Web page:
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Twenty-One Years

~ Mellody Gotwalt

During morning of the 21st anniversary of 9/11

and along with many others, thoughts revolved

around the day and all that has happened since

that fateful morning. Reflections took many

paths: shock, concerns, and hopes.

Initially, watching the footage of the towers falling, and living only a few miles from the Pentagon, darkly colored my day with shock, fear and concerns for those I might know laying beneath the wreckage. A glimmer of hope sprung up amongst these from the beautiful reports of huge outpourings of unity of citizens in supportive aid of each other.

Concerns grow, considering if these attacking peoples would succeed in plans to infiltrate and overthrow the current occupiers. We spent time weighing the potential differences that might ensue if these new people were victorious, and installed a political system based on their values. That is, if we remain occupied to what extent does the “who” matter, and if so in which ways? We likely all had our own personal thoughts on this question, and I leave it to the reader to recall their own reflections.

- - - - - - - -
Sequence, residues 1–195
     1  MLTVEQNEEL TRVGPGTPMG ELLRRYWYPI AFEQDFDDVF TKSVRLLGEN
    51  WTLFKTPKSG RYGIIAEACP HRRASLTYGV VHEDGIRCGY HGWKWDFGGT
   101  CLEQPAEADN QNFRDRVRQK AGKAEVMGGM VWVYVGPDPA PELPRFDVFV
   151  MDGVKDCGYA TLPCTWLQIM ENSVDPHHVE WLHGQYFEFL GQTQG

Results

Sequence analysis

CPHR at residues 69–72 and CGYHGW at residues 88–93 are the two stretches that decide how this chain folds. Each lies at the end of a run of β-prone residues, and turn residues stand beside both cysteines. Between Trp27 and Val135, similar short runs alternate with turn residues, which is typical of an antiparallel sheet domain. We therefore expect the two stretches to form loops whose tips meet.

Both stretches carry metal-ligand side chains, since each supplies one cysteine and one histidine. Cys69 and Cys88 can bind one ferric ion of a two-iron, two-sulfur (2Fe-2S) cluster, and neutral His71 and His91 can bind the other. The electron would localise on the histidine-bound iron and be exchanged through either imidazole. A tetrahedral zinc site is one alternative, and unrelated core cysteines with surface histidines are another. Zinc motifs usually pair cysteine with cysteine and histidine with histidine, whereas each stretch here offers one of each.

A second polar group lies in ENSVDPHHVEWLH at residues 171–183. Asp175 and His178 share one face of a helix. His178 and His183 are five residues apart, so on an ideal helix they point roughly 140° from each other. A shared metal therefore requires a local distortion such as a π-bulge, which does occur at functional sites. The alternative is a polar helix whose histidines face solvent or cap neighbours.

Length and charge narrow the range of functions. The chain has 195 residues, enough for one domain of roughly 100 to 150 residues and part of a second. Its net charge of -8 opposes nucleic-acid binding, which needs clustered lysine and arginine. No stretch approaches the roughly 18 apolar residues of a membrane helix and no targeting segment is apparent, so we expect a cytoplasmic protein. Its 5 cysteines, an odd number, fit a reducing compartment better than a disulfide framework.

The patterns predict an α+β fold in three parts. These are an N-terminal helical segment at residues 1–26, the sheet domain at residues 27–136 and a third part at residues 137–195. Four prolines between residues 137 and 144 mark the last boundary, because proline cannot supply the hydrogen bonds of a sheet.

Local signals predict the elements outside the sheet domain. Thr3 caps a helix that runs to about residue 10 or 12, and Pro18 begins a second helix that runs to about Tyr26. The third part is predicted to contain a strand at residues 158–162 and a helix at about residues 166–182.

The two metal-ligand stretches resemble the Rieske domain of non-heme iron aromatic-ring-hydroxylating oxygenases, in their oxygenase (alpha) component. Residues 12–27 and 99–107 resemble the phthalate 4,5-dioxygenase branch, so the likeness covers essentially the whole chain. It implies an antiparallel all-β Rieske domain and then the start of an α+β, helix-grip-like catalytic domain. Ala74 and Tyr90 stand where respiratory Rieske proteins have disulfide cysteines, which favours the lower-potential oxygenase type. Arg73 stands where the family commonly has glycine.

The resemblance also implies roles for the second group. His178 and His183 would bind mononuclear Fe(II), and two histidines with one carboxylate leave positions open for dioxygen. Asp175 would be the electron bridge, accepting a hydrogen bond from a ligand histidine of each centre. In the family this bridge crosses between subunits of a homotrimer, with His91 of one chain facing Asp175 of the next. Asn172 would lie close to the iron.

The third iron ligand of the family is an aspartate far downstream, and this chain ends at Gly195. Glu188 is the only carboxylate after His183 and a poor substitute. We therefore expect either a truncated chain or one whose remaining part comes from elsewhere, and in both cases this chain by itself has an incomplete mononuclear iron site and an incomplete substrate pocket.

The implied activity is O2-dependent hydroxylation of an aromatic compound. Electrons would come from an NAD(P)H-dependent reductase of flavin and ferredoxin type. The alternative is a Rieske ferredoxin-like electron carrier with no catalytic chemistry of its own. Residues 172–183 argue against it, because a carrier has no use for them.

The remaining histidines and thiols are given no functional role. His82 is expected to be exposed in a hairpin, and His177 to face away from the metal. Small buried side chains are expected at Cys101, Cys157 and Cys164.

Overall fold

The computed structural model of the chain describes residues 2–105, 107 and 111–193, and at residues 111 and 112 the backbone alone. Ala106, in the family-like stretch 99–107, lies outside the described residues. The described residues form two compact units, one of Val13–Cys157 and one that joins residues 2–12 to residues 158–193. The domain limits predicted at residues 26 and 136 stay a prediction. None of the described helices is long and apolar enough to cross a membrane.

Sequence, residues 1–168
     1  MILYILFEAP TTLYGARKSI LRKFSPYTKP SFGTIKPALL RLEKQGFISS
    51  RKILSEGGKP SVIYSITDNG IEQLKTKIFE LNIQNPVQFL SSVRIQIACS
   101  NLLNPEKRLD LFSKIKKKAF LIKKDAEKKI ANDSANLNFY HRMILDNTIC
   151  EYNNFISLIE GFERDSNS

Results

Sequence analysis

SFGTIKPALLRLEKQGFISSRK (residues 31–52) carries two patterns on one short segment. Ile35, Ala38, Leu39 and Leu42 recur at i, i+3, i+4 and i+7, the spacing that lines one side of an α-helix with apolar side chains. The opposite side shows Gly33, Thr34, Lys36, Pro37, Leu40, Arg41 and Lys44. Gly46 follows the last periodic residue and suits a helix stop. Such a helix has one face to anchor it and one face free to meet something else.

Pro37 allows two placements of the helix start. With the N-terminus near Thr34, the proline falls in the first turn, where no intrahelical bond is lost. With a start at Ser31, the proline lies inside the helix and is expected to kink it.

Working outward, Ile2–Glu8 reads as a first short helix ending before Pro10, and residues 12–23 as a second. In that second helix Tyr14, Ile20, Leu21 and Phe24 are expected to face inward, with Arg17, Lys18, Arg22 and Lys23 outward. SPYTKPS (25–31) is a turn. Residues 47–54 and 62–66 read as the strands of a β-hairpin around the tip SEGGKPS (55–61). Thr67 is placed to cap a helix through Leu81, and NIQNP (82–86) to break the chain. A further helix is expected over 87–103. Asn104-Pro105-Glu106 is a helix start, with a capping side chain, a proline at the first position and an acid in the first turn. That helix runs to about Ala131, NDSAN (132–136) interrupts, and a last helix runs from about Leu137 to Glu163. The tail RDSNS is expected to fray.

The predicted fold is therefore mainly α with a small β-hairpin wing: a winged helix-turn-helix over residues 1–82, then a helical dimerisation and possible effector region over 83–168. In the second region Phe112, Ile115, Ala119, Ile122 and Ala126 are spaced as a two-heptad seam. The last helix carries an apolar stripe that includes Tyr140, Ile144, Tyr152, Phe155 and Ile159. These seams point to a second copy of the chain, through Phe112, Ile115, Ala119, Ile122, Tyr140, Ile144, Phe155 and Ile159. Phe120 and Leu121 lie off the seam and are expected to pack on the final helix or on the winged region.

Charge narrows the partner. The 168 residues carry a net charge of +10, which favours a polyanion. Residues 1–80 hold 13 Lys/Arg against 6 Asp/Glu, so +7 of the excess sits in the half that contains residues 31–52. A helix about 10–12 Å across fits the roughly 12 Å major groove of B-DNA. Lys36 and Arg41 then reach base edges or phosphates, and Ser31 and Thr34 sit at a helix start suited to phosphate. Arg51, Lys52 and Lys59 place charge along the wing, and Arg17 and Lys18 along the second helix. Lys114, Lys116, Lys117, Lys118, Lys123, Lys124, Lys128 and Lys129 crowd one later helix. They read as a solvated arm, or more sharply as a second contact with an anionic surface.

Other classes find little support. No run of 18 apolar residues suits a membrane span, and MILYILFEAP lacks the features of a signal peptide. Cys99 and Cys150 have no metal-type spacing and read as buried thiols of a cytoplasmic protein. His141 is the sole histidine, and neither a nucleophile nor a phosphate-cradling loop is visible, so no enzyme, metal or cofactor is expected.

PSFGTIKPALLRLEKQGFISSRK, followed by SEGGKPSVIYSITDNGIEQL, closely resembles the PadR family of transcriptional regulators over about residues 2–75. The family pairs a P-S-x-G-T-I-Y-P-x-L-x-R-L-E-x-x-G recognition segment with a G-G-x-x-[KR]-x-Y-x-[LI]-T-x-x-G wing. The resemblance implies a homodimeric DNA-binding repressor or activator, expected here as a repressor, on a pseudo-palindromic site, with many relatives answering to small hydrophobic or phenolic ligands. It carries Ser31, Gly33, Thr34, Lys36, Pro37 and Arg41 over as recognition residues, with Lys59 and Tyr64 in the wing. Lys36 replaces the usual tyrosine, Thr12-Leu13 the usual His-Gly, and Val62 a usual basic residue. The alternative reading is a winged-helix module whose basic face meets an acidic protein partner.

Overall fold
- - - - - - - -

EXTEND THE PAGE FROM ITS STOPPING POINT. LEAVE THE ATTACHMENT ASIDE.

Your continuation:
One thing I remember distinctly was perhaps a hope unique among First Nations people. Would this event create a new sense of empathy for the historical events on the many nations of this land. Did this experience make it easier for them to understand the impact of unprovoked attacks? Could their hearts now share the deep sorrow for the innocents slaughtered on the justification that they were members of the nation? Would they recall history and remember the children removed from their families and sent them to residential schools to indoctrinate them in the beliefs of the new occupiers. Did they fear the same for their own children and begin to understand the depths of that pain?

It is difficult to measure whether this empathy grew in any but a few hearts and minds. What did seem to prevail was the same question asked for centuries: “What if we had closed the borders and keep our hearts from compassion for the arriving immigrants?”

The answer was different varying from:

A. Severely closing borders even for First Nations people who wished to cross between territories of different occupiers to

B. Continuing in compassion even to the point of declaring “We are all immigrants.” forgetting First Nation peoples entirely or

C. a balance of some place between the two extremes.

It has been twenty-one years. An entire generation of children have been born, some entering their senior year of college this fall. For those of us old enough to remember, we think about the before in contrast to where we are today. I think about our new Secretary of the Interior and the remains of children returning to their Nations. I see some progress, and as much as lies in my ability strive to support continued healing. I hope the readers can hold the same hopes and motivations in their hearts.